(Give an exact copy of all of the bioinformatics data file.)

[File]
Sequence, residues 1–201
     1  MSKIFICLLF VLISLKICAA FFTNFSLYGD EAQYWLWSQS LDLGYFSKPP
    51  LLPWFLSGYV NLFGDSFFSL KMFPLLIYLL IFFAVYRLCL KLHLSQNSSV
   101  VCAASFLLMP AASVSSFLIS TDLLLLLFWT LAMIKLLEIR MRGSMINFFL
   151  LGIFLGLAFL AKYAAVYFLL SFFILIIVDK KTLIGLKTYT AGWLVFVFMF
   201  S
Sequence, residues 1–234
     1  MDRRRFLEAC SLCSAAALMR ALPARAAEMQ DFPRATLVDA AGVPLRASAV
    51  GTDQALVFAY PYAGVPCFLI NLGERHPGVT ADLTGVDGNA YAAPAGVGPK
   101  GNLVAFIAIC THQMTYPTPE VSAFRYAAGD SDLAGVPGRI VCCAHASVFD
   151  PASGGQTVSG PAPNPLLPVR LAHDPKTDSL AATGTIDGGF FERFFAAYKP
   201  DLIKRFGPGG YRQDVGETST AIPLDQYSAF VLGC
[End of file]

Sequence, residues 1–201
     1  MSKIFICLLF VLISLKICAA FFTNFSLYGD EAQYWLWSQS LDLGYFSKPP
    51  LLPWFLSGYV NLFGDSFFSL KMFPLLIYLL IFFAVYRLCL KLHLSQNSSV
   101  VCAASFLLMP AASVSSFLIS TDLLLLLFWT LAMIKLLEIR MRGSMINFFL
   151  LGIFLGLAFL AKYAAVYFLL SFFILIIVDK KTLIGLKTYT AGWLVFVFMF
   201  S
Sequence, residues 1–234
     1  MDRRRFLEAC SLCSAAALMR ALPARAAEMQ DFPRATLVDA AGVPLRASAV
    51  GTDQALVFAY PYAGVPCFLI NLGERHPGVT ADLTGVDGNA YAAPAGVGPK
   101  GNLVAFIAIC THQMTYPTPE VSAFRYAAGD SDLAGVPGRI VCCAHASVFD
   151  PASGGQTVSG PAPNPLLPVR LAHDPKTDSL AATGTIDGGF FERFFAAYKP
   201  DLIKRFGPGG YRQDVGETST AIPLDQYSAF VLGC